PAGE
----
Mosaic of multi-coloured flags created by children with messages about the importance of nature

Helping Nature Help Us

For Earth Day 2023, the Museum of Zoology worked with schools and families to create displays all about what nature does for us and what we can do for nature. Read on to see these wonderful creations, and for top tips on helping nature and letting nature help you.

Helping Nature Help Us with The Grove Primary, Nelson Academy and Lionel Walden Primary School

Display of clay sculptures created by school pupils in front of a green close up image of a leaf

Beginning in January, the Museum worked with year 4-6 pupils from The Grove Primary School in Cambridge, Nelson Academy in Downham Market and Lionel Walden Primary School in Doddington exploring the wildlife in their school grounds and the British animals in the Museum.

In school we spent time outside adjusting our senses to the sights, sounds and scents of nature. We listened for bird song and even in the depths of winter we saw many different species including robins, goldfinches, woodpigeons, starlings and more.

Want to find out more about birdsong? Our video with ornithologist Dr Rob Pople shows some of the more common species you might hear in the UK:

In the Museum, we looked at birds in more detail: how their skeletons work; the different types of feathers they have; their colours; patterns; and more. We used stories to think about what nature means to us and what we can do for nature, and went behind the scenes to see the insect collections of the Museum. This is a space not normally open to the public, but you can get a sneak peak too by watching our virtual Insect Store Tour with Research Assistant Matt Hayes:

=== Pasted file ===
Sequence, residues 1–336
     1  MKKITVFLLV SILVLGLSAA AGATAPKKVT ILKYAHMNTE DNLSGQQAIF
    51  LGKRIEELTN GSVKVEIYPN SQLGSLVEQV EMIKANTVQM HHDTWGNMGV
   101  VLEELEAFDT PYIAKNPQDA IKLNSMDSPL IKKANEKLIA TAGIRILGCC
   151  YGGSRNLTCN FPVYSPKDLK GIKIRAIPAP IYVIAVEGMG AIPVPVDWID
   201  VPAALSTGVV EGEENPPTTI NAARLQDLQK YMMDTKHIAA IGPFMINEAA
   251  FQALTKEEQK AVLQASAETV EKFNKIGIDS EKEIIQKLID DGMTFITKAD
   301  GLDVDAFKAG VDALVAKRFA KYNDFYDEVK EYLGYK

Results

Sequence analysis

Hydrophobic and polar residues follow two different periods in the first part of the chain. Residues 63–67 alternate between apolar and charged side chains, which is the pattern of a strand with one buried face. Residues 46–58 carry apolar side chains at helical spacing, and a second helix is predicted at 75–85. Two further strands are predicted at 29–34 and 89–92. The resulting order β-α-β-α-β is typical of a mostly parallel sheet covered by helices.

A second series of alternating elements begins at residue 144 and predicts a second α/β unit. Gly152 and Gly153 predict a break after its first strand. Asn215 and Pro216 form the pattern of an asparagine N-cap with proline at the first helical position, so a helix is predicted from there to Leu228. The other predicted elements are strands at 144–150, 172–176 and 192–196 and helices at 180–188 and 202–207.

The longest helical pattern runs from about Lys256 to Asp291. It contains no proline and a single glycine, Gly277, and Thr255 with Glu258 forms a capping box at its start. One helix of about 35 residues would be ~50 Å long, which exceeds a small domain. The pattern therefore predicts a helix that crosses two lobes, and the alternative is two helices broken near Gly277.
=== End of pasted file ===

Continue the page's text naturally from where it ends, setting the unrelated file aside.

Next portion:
After their visit to the Museum, each class then had a workshop with ceramics artis Louise Beale. Every child produced an animal sculpture and created a flag with a message of what nature meant to them or what they could do for nature. After drying and firing in a kiln, these were put on display in the Museum. With six classes involved from three schools, we have a wonderful menagerie of creatures that fill the Welcome Case to the Museum and the Community Case on the Mezzanine. This wonderful wildlife will be on display until 2 September 2023, so do come in and see the amazing animals the schools produced.

Our Nature Map Cambridge

The Museum runs a Young Zoologists Club for 6-12 year olds. In the Easter Holidays, the Young Zoologists created a map of Cambridge showing the wildlife they would like to see in the city, and what we might do to support nature here.

Have you noticed the nature around you in Cambridge? Here’s Curator of Birds Dr Daniel Field on the species found in Mill Road Cemetary near the City Centre:

How about some of the more unexpected wildlife around the city centre? Do you know how much life a cowpat can support? Here’s Dr Ed Turner, Curator of Insects, to show you more:

Wildlife is around all year. Here is a video from the Botanic Garden showing some of the animals that are still active there in the winter:

Why not go on a nature safari around the city? Not sure where to go for the best wildlife spots? We’ve got you covered. Follow our Cambridge Wildlife Safari and you can spot birds, butterflies and more: